This is all to ask that the next time you’re about to label someone as a “flip-flopper,” that you stop for a moment and consider what you’re saying. Do you really believe that the person in question is pandering to an audience, or is there a chance that the person actually changed their mind? And if there’s a chance that the person legitimately changed their mind, what makes their journey any less worthy or valid than your own? And, if you’re in a place to speak directly to the person in question, maybe ask them how they came to their decision, because I guarantee you there is a great story there. There is so much to be learned from the journeys of others, if we would only ask them. We will find ourselves much better able to communicate with others, if we simply make an effort to understand their story, rather than shutting them down, and moving on. We will find ourselves better able to love others if we would only listen to their journeys with open hearts.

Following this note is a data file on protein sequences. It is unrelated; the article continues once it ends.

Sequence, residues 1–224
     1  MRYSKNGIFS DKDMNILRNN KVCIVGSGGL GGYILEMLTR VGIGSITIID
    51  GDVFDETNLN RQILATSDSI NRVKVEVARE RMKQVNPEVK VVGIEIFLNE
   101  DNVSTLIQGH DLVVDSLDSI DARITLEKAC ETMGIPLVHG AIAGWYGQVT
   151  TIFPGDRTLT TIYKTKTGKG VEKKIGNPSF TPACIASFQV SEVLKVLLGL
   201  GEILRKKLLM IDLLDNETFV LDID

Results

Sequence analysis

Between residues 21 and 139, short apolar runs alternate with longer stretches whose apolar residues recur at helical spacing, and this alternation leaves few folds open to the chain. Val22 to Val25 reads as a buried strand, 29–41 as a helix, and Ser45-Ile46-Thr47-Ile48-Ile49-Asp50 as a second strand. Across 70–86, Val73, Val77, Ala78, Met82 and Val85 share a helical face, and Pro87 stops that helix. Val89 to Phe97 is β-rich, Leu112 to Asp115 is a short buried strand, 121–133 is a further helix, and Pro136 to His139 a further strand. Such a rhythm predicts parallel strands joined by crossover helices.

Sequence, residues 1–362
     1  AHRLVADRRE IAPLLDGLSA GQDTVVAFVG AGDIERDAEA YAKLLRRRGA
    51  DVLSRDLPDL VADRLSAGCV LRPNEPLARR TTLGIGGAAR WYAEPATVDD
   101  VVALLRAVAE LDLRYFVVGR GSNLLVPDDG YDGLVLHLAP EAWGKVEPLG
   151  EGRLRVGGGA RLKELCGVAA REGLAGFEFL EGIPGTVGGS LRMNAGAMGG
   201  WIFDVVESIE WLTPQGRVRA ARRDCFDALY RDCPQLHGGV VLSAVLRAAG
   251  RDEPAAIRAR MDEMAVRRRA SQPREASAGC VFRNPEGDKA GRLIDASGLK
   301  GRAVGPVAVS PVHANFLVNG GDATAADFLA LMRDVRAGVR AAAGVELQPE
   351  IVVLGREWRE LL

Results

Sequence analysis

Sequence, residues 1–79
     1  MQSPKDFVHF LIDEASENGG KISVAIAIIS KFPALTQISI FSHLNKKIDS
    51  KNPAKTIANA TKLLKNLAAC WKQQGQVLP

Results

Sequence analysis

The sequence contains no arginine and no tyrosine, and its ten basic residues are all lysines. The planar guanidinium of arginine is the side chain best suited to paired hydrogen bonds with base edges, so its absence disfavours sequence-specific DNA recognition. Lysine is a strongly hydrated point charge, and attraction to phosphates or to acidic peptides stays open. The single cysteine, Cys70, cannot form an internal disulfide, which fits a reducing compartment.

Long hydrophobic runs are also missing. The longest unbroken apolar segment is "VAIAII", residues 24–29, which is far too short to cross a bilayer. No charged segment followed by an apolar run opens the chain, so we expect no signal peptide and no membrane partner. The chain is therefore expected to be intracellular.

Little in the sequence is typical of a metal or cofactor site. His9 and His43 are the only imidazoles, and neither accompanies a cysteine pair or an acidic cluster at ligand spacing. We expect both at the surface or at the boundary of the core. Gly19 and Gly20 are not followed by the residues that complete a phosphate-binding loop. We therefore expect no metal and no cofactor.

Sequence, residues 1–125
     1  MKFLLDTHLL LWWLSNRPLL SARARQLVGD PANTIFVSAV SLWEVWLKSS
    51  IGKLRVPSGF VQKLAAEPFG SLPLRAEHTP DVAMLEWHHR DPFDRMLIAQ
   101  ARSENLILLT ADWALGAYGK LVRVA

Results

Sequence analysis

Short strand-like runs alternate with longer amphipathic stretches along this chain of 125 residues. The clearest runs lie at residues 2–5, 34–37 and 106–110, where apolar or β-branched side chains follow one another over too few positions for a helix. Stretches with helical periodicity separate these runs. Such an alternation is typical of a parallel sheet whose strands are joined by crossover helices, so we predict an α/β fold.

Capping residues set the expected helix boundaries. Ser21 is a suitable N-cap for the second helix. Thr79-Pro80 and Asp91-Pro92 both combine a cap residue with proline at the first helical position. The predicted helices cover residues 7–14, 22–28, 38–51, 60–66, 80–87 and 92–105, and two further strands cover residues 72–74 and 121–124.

When we humble ourselves, and open our ears to those that we do not typically align with, we’re venturing out into fertile ground, and that’s the first step to cultivating a non-adversarial relationship. And if there is anything this country needs, its fewer adversaries, and more allies.

When was the last time you listened to the journey of someone with an opposing perspective? Have you ever shared an unexpected connection with someone of an opposing perspective? What was that like? Share your stories in the comments below. 🙂

(I’ll be back tomorrow with a little bit more on Sincerity.)

xoxo,

mj

—————

Let’s be friends!

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32 Comments

  1. Karla Porter Archer

     /  August 13, 2012

    oh mercy…. can I relate to this. And I thank you for so clearly summing up so many of my own thoughts 🙂

    I’ve done a TOTAL change around on many of my long-held convicitions over the course of the last two years. And I am constantly (once a week, at least!) getting messages from others who know me/thought they knew me asking why I’ve changed so much. But the tone is never a genuine question. The implication is always that I am a flip-flopper, and eventually the conversation shuts down.

    Reply
    • “But the tone is never a genuine question.” GAH this bothers me so much. I get the same thing, at least once a week. Why do people get so defensive? I still don’t think I understand it. :/